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Do I Need Nappy Liners in Washable Nappies

Do I Need Nappy Liners in Washable Nappies

At The Nappy Lady we frequently get asked if you need to use a nappy liner in a reusable nappy.

The simple answer is NO.... BUT nappy liners do make changing pooey nappies much simpler!  Read on to learn about your two nappy liner choices.

What Does A Nappy Liner Do?

A nappy liner is the last layer that goes inside the nappy, nearest baby's skin. The liner does two things:

  1. It allows urine to pass through, but as the liner is non absorbent, it cannot return, thus keeping baby's bottom a bit drier.
  2. It catches any poo, and the whole thing is then easy to dispose of either in the bin or sluiced in the toilet.


Comparing disposable liners and reusable liners

Disposable Nappy Liners

Disposable nappy liners are also known under some alternative names such as paper nappy liner or biodegradable nappy liner - different names but they mean the same product.

Disposable Nappy Liners For Newborns

When a baby is newborn, they only take in liquid, so what comes out will be very runny too! The best disposable liners for pre-weaned babies are the Bambinex liners. These are lovely thick liners so catch more of the liquid poo.

If little one has a very explosive bottom any nappy liner may well not catch all of this, although if you have a good nappy and wrap you should not get staining onto clothes. Even if you do get leaks, bear in mind that disposables often leak runny poo at this age as well; stories of disposables and poo up to baby's neck are very frequent.

Once your baby is weaned, the liner will be much more effective at catching ALL the poo. In the meantime, if you have chosen your nappy well, your nappy should catch anything the liner misses, so you may just have to rinse your nappies in the early days.

Many people continue to use Bambinex disposable nappy liners all the way through their nappy time. The Bambinex liner is especially good for birth to potty all in one/pocket nappies as it's narrower than others so fits inside the nappies perfectly.

These are are our best selling thick quality liners:


Disposable Nappy Liners For Weaned Older Children

Some brands of paper liners, such as the Supersoft Mioliners or Tots Bots Spunlace liners, are much thinner. As such, we only recommend these for older babies weaned onto solid food and whose poo is consequently thicker or more 'formed'. A thinner liner often just isn't up to the job of staying in place and holding a runny newborn poo, which defeats the object of helping with nappy clean up in the first place!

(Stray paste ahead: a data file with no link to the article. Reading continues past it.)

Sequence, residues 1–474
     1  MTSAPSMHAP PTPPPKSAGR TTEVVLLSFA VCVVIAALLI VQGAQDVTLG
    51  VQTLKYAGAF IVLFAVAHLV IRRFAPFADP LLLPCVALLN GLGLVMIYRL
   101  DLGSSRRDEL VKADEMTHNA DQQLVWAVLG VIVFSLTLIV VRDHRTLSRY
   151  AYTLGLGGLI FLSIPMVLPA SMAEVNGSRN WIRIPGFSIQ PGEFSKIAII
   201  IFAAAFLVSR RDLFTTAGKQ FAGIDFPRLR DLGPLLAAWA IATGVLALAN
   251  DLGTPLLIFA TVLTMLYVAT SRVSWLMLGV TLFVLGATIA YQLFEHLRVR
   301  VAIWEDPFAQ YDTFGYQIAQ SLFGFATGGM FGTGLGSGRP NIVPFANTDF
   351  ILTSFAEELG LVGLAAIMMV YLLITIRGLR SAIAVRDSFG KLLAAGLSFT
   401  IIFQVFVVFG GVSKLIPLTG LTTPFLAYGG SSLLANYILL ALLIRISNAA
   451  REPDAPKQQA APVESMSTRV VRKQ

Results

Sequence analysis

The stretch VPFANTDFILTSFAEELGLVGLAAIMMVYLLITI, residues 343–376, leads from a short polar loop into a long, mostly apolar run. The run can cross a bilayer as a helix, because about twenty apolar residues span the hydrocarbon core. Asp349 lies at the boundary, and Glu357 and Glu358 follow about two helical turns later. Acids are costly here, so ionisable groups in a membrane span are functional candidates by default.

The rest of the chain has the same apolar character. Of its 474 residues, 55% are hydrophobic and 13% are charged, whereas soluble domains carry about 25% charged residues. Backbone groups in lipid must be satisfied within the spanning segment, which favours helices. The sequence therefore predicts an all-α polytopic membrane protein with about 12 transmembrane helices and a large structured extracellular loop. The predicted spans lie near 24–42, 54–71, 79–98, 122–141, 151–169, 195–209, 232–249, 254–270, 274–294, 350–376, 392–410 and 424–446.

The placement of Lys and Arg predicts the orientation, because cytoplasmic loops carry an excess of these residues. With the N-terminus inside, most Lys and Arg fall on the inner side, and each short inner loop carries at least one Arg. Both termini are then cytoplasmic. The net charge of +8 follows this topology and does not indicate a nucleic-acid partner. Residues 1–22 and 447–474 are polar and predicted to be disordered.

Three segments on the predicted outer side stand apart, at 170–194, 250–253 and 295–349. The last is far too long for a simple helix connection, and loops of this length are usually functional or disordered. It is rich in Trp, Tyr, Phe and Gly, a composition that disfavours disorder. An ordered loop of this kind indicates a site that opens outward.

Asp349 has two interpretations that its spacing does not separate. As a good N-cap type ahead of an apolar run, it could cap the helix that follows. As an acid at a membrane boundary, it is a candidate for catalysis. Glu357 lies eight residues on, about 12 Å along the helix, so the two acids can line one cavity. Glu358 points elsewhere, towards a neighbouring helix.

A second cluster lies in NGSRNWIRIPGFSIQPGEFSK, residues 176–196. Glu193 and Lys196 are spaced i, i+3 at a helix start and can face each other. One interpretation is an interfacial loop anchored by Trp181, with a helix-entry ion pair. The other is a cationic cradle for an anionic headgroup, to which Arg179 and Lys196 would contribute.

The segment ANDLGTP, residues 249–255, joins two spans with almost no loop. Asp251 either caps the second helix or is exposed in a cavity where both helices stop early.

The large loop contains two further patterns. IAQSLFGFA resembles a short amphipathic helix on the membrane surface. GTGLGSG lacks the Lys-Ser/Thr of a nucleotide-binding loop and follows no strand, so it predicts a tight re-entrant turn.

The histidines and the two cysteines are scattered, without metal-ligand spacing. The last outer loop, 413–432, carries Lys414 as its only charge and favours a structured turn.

These are are our best selling thinner liners:

Biodegradable Nappy Liners

Disposable liners biodegrade much slower than toilet roll, so they are no longer designed to be flushed. Wet only liners can go into your compost bin if you have one or even your paper recycling bin (WET ONLY!!!) This will dramatically cut how many liners potentially will go into your rubbish bin.

It is worth noting that even with disposable nappies, most local authorities do not permit poo thrown into your household waste, so if your paper liner is very full it may still be necessary to remove the worst of the contents before throwing the liner away.

You will find good quality disposable liners are very strong, and do not tear or split, however wet or full they are. However, if your main reason for using cloth nappies is the cost, then you might want to look at washable liners, to save on the ongoing cost of disposable ones.


Washable/Reusable Nappy Liners

Washable liners come in a number of materials: fleece, polyester and silk being the most common. I am a big fan of fleece liners. There is no right or wrong way up with either a fleece or a paper liner. However, the polyester ones are often slightly "furry" on one side, and this goes face down into the nappy to stop the liner sliding around; on the other side, they are shiny and non absorbent, which goes face up and so is an effective stay dry layer.

These are our best selling reusable:


How to sluice a reusable liner

Undoubtedly, a squidgy poo is slightly more of a pain to deal with if you have washable rather than disposable liners, but that is only so if the disposable liner in fact caught all of the poo.  When you have a pooey fleece nappy liner you should sluice it in the toilet to remove the poo before storing it in your nappy bucket.  What this means is you hold one end of the liner where it's not pooey, then flush the toilet holding onto the fleece liner firmly. The power of the clean water from flushing the toilet should remove most of the poo. The liner then is stored in your nappy bucket until wash day. While baby is very young and just on breast milk some parents don't bother with sluicing pooey liners at all and just let their washing machine deal with them.  If you do this you must ensure you do a rinse cycle before your main wash.  For some people this is a stage too far and they don't like the idea of poo in their washing machines, that's fine either keep sluicing or stick with disposable liners until baby is weaned.

Stay Dry Layer

Washable liners do keep baby amazingly dry, and are a very good idea if your baby is subject to repeated rashing (assuming you have ruled out other causes of this). Silk is the most gentle of these fibres, and is particularly suitable for babies who suffer from eczema. However, it does have a bit of a funny smell when wet, which some people do not like, and others do not even notice. Silk liners should be hand washed.

Morag's Story - Why she converted to fleece nappy liners